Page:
As you can see from the illustration, the Sudoku puzzle can be solved with the same logic step by step only as a matter of time (number of steps needed to follow). There is no myth to it! However, if you would like to create a Sudoku puzzle, you must test it with the same logic until you verify that a correct answer is obtainable. This sometimes can be more tedious than solving a correct puzzle. For example, the 5th 4 by 4 matrix in the above diagram may seem to be a valid Sudoku puzzle but it is actually a false one without a solution!
Extend Sudoku Puzzle to 9 by 9 Matrix
2 
9 
1 
6 
3 
7 
4 
8 
5 

5 
2 

8 
3 
5 
1 
9 
4 
6 
2 
7 
5 
4 
2 
7 

4 
6 
7 
2 
5 
8 
3 
9 
1 
8 
6 
4 
3 

1 
7 
6 
9 
2 
3 
8 
5 
4 
2 
9 
6 
7 

5 
4 
9 
8 
7 
1 
2 
6 
3 
6 

3 
2 
8 
5 
4 
6 
1 
7 
9 
3 
6 
7 
8 

9 
1 
2 
3 
8 
5 
7 
4 
6 
7 
3 
6 
4 

6 
5 
4 
7 
1 
2 
9 
3 
8 
4 
1 
5 
9 

7 
8 
3 
4 
6 
9 
5 
1 
2 
1 
8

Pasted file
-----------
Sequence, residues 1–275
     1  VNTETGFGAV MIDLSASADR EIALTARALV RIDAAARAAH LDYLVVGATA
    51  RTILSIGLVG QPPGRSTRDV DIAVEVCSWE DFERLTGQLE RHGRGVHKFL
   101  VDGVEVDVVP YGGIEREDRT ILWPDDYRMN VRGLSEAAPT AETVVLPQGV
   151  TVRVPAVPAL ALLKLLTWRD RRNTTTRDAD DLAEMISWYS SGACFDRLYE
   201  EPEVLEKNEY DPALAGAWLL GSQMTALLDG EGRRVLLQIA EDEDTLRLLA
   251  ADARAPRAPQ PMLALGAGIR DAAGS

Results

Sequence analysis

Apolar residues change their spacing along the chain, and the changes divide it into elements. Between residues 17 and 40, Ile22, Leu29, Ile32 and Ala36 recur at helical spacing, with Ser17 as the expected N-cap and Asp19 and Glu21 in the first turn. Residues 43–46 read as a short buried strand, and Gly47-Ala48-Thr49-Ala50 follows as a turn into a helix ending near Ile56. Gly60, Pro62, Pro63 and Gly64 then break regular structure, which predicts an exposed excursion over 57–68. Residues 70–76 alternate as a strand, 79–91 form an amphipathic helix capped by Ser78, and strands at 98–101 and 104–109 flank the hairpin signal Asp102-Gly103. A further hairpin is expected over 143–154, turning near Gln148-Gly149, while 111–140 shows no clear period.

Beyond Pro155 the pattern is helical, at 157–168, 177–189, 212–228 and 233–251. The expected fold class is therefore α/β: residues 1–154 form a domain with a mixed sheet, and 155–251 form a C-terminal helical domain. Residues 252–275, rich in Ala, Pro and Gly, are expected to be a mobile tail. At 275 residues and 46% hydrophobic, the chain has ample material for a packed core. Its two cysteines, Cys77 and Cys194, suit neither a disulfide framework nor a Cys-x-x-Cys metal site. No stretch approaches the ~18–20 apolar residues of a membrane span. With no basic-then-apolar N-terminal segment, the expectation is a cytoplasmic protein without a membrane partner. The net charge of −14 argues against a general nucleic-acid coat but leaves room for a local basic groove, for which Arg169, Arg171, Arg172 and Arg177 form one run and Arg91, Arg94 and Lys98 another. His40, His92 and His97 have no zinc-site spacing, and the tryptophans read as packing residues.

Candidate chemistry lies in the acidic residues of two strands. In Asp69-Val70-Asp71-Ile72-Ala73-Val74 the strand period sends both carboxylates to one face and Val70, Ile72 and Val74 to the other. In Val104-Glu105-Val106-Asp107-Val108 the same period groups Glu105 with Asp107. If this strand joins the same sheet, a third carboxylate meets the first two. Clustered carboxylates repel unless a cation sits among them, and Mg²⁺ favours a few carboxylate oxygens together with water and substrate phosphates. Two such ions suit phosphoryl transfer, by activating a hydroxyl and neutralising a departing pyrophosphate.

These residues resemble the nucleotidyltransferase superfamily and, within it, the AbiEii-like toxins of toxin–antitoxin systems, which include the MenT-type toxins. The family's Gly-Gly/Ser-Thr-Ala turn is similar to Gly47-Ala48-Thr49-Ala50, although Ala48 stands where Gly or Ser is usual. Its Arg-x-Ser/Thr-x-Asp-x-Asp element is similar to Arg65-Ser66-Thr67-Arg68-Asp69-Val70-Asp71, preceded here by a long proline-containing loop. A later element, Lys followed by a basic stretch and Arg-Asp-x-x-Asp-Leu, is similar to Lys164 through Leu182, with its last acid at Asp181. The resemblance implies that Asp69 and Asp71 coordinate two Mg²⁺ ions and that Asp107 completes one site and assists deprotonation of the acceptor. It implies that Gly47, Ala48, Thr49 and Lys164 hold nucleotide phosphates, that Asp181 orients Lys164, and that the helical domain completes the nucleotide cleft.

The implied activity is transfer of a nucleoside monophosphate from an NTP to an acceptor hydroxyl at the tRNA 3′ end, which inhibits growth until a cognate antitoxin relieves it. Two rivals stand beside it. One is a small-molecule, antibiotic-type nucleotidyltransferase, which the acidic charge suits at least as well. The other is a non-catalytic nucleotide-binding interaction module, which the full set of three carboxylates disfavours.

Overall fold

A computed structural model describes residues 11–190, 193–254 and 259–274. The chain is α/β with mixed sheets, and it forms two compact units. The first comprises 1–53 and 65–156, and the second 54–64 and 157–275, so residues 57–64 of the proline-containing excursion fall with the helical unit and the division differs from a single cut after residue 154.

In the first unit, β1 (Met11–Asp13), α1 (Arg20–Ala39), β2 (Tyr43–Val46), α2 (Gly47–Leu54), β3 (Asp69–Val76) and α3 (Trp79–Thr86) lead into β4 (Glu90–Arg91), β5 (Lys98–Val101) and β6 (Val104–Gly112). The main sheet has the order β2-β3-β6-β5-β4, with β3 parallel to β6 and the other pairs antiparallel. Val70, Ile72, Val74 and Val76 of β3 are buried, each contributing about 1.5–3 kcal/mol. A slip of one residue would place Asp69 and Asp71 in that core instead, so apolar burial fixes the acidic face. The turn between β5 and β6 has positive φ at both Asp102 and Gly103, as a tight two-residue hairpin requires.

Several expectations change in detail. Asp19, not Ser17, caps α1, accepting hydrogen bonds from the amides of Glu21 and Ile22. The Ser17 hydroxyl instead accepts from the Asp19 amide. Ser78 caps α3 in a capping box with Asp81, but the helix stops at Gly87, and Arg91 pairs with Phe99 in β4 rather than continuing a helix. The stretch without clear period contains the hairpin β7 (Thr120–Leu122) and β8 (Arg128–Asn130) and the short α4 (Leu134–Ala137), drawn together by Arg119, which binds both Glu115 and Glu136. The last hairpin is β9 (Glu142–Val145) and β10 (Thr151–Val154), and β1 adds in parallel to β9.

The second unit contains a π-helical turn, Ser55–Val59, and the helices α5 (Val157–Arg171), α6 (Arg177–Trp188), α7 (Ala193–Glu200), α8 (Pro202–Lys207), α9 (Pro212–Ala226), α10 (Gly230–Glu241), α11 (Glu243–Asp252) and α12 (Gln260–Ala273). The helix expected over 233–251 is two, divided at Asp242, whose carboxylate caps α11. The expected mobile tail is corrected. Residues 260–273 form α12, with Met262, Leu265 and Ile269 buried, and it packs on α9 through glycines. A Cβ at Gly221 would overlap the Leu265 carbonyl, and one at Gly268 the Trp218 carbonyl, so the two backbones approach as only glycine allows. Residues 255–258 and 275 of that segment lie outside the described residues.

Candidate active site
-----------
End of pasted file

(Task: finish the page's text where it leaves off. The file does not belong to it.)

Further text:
The Sudoku puzzle can be easily extended to 9 by 9 matrix. Again, the creation of Sudoku requires tedious testing so that appropriate clues can be provided to render the puzzle solvable. More or less clues makes a puzzle solvable in a shorter time or longer time. The important thing is to make the puzzle definitely solvable and preferably with one unique answer. The above two diagrams show two Sudoku puzzles. The left one is relatively simple one. (Remember the three rules, each row, column and submatrix of 3 by 3 must contain only one complete set of numbers from 1 to 9). To solve this puzzle, one first noticed there are five 1's, four 9's, four 2's, three 3's, 6's and 8's, two 5's, 7's and one 4. So it should be simpler to first place the 4 missing 1's. We can apply the three rules to all the blank space with respect of filling in a 1. First, only the 1st, 3rd, 4th and 8th submatrices allow to be filled with a 1 since the other five submatrices already have a 1. Then apply the row and column rule, only a 1 can be placed at (1,1), (1,3), (3,1), (3,3), (3, 9), (4,1), and (8,5) spots (the indices represent row number and column number counting from top down and left to right). Out of these 7 spots, the last three are the only one in a submatrix, hence, they must be filled with a 1 there. With these 3 1's determined, the only allowable 1 in the first submatrix is the (1,3) because the others are excluded by the presence of other determined 1's. These four 1's are shown in red in the above left matrix. Next we examine the 9's. Only five submatrices are allowed to be filled with a 9 at (2,5), (4,4), (4,7), (4,9), (6,9), (7,1), (7,7), (7,9), (8,7), (8,9). Applying the row and column rule, the four permissible 9's are (2,5), (4,4), (6,9), ((7,1), and (8,7). The four 9's are filled in green as shown in the above left matrix. Similarly, only five submatrices can be added with a 2 based on the submatrix rule and they are (1,1), (2,1), (2,2), (2,8), (3,1), (3,2), (3,4), (6,1), (6,2), (9,4), (9,9). By applying the row and column rules, then the permissible 2's are (1,1), (2,8), (3,4), (6,2), and (9,9) as shown in blue. At this point, you can easily spot some obvious placements, for example, the two cells in the 3rd submatrix, (1,7) and (2,7) must be 4 and 6 respectively as shown in orange in the diagram. Then in the first row, the 5th and 6th spots must be 3 and 7 respectively. (2,6) must be 4 and (3,5) must be 5. They are shown in orange as well. Following this, then the center submatrix must be filled with 7 and 6 at (5,5) and (6,6) respectively, also shown in orange. Next obvious spot is (7,6) which must be 5 as the only number missing in the 6th column. Then in the 5th column the two missing numbers 6 and 8 must be placed at (9,5) and (7,5) as shown in orange color. Now in the 8th submatrix, only 4 and 7 are missing, they must be placed at (9,4) and (8,4) to satisfy the row and column rules. Next, the 9th row should be filled since there were only two numbers, 3 and 5 missing which by checking the vertical column must be placed at (9,3) and (9,7) as shown in orange. Next simple target is the 7th column which is missing 7 and 8 at (7,7) and (4,7) for the reason that an 8 is already at (7,5). Next simple target is the 7th submatrix which is missing 4 and 5 at the two possible spots (8,2) and (8,3), but, you can not be sure which number is at which spot. You will have to resolve this when more information is obtained. However, this partial information can help you to determine that ((8,8) and (8,9) must be filled with 3 and 8 respectively as shown in orange. In turn, the spot (6,8) must be a 7 by observing the 6th row missing 3, 7 and 8. Since 8 is already in the 6th submatrix, and 3 is already in the 8th column. And the two remaining spots on 6th row, (6,1) and (6,3) must be 3 and 8 respectively by checking their corresponding column. Keep searching for easy target, you may find that the two spots (7,8) and (7,9) must be 4 and 6 but not certain which number fits in where. Again, you have to resolve this later with more information. However, this partial information is helpful to resolve the four missing numbers in the 6th submatrix where 3,4,5 and 6 are missing. First 3 has to be at (5,9) since it can not be at other 3 spots, (4,8), (4,9) and (5,8). Then by logic, 6 must be at (5, 8) since it can not be at (4,8) and (4,9). Following this determination, you can place 5 and 4 at (4,8) and (4,9) respectively based on the fact that a 5 is already in the 9th column. The next easy target is the (4,2) which must be number 7. At this point, you can also resolve (7,8) and (7,9) to be 4 and 6 because 4 and 6 have been determined to be at (4,9) and (5,8). You have already got 73 out of 81 spots nailed down. The remaining 8 spots can be easily resolved by applying one or two logic steps. Now let's revisit the two spots (8,2) and (8,3), if we place 4 and 5 there in that order, do we see any rule being violated? Yes, there is a problem. If 5 is at (8,3), then 4 and 7 have to be placed at (2,3) and (3,3) in the 3rd column. Since 4 and 7 are already in the 2nd row, hence, you can conclude that 5 must be placed at (8,2) and 4 at (8,3). With this, then you can place 5 and 7 at (2,3) and (3,3) and consequently 5 and 4 at (5,1) and (5,2) respectively. The remaining 4 spots (2,1), (3,1), (2,2) and (3,2) can then easily be determined to be 8, 4, 3 and 6 by checking the numbers already existing on each row.